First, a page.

Fish exposed to SSRIs exhibit abnormal behavior, study finds

March 6, 2012

Fish exhibit abnormal behavior and lower levels of anxiety when exposed to Selective Serotonin Reuptake Inhibitors (SSRI), which are common drugs used to treat depression, among other disorders. The study, by Baylor University researchers and online in the journal Environmental Science & Technology, also found that human data for drug activity can be used to predict surface water concentrations of these substances that negatively impact fish behavior.

The Baylor research, which builds on their previous study of pharmaceuticals found in downstream of a wastewater treatment plant, has implications not only for the environment but for communities planning to begin wastewater reuse programs.

"This research is an important step in determining the long-term consequences of drugs taken up by fish in the environment and has direct implications for both survival and fitness of fish," said Bryan Brooks, Ph.D., professor of and biomedical studies and director of environmental health science in Baylor's College of Arts & Sciences. He and former Baylor student Theodore W. Valenti, Jr., Ph.D., now a National Research Council post-doctoral fellow with the Environmental Protection Agency in Duluth, Minn., co-authored the article as part of Valenti's dissertation research.

"This helps our understanding of the potential impact of pharmaceuticals in the environment which are accumulating in fish," Brooks said.

In the current study, the shelter-seeking behavior of fathead minnows was monitored under laboratory conditions for 28 days using digital tracking software to diagnose while they were exposed to the SSRI sertraline, which is used to treat , panic attacks and other disorders. Sertraline concentrations and lighting conditions significantly affected the time that the minnows spent in a sheltered area.

During dark conditions, sertraline-exposed fish spent approximately 67 to 78 percent of the time that control fish spent in the shelter. During light intervals, fish exposed to sertraline spent between 18 and 42 percent less time in the shelters.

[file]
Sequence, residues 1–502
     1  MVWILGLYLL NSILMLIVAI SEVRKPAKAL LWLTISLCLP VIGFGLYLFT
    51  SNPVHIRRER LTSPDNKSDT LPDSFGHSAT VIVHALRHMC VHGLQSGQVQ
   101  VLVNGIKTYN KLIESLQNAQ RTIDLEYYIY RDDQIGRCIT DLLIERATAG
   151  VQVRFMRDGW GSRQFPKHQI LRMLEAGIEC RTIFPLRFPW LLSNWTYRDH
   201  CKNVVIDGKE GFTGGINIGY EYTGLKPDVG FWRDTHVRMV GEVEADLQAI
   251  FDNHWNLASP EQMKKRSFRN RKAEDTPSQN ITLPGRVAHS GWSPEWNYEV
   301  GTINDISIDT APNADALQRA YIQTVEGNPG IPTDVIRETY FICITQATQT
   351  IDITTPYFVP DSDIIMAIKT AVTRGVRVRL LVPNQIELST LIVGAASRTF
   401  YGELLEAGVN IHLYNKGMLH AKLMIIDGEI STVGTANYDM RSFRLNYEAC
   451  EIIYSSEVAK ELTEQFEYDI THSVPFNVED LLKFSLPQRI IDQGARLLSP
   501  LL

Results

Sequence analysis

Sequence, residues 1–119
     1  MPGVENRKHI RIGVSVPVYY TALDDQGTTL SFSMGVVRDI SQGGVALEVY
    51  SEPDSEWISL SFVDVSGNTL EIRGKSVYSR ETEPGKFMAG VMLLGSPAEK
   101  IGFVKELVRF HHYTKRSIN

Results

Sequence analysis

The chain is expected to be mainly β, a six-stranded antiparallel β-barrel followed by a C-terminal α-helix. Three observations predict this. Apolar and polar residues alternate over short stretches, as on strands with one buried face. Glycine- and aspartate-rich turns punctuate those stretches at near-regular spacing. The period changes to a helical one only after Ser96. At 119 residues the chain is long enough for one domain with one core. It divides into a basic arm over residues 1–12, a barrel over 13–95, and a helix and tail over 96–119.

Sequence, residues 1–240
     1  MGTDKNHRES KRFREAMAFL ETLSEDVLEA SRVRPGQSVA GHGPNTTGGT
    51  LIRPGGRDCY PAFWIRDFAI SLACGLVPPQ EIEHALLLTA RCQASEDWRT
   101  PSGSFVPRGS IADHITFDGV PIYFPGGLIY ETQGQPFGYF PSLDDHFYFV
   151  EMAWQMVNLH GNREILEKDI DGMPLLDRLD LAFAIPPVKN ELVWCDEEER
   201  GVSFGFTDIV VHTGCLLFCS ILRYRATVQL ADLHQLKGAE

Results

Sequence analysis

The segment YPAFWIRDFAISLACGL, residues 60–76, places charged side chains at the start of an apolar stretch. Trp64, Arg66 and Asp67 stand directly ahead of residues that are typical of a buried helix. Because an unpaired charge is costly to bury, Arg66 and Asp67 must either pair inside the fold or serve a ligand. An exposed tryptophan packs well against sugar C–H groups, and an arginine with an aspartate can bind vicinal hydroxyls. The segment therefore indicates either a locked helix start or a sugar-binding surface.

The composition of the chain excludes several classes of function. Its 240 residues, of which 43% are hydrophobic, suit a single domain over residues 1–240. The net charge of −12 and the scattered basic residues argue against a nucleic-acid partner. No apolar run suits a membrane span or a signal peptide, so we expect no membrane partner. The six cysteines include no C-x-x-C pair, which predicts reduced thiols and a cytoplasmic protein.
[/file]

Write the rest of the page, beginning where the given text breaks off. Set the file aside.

"The shelter was the only dark area during light conditions in the observation tanks; therefore, control fish apparently retreated to the shelter to reduce anxiety, whereas fish exposed to sertraline appeared to display reduced anxiety and did not exhibit this behavior," Brooks said.

"Based on our observations, we hypothesize that fish exposed to sertraline displayed reduced and consequently were more willing to explore outside of their shelters during both light and dark conditions. Fish willing to spend more time away from shelters face greater predation risk, and their overall survival rate may be reduced," he said.

Valenti noted that another very interesting aspect of the study was the accuracy of a quantitative model the Baylor researchers used to predict internal fish plasma concentrations when pH of the water was considered. These findings emphasize the importance of accounting for the pH of rivers and lakes during surface water quality assessments of pharmaceuticals and other weak acid and weak base contaminants.

"Improving our understanding of these relationships is paramount for reducing uncertainty during ecological risk assessments and is vital to addressing potential hazards associated with human population growth and urbanization in the future," Valenti said.

"Conservation and water reuse strategies will become paramount to meet water resource needs of future generations. Understanding emerging risks to water quality, from pharmaceuticals and other contaminants present at trace levels, is equally important to support responsible management decisions and meet environmental protection goals," Brooks added.

A previous study by Baylor researchers in the journal Environmental Toxicology and Chemistry, initially found residues of sertraline and fluoxetine, another SSRI, and their metabolites in three different types of fish living in the Pecan Creek in North Texas. A follow-up study by Baylor researchers in Pecan Creek, which appeared in the journal Analytical Chemistry, observed three additional human medications in fish. They were diphenhydramine, an over-the-counter antihistamine also commonly used as a sedative in non-prescription sleep aids and motion sickness; diltiazem, a for high blood pressure; and carbamazepine, a treatment for epilepsy and bipolar disorder.

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not rated yet Mar 06, 2012
That's a really happy-touchy-feely analysis of the results. How about looking at it like "we totally messed with the fear centre of the fish and caused them to take abnormal risks that would generally result in them being preyed upon and eaten in the wild".

Reminds me of studies that look into whether or not SSRIs and others cause suicidal and other violent behaviour.

Ah, sorry to rain on the parade.
1 / 5 (1) Mar 08, 2012
This reminds me of studies that propose visual input is responsible for dominance status in cichlids and sex changes in the blue wrasse that are much more clearly linked to chemosensory cues in the water (e.g., in a recent study from Russ Fernald's lab at Stanford). There is, of course, no animal model for how visual input would directly effect the required neuroendocrinological changes. And this work supports a model in which pheromones drive the changes associated with gonadotropin releasing hormone pulse frequency, which is also influenced by pharmaceuticals in waste water and other endocrine disruptors. Does anyone else perceive a need for the "right" model of how sensory input from the enviroment effects hormones that affect behavior. The visual model is not the "right" model in any species of vertebrate; there's no direct effect on gene activation!

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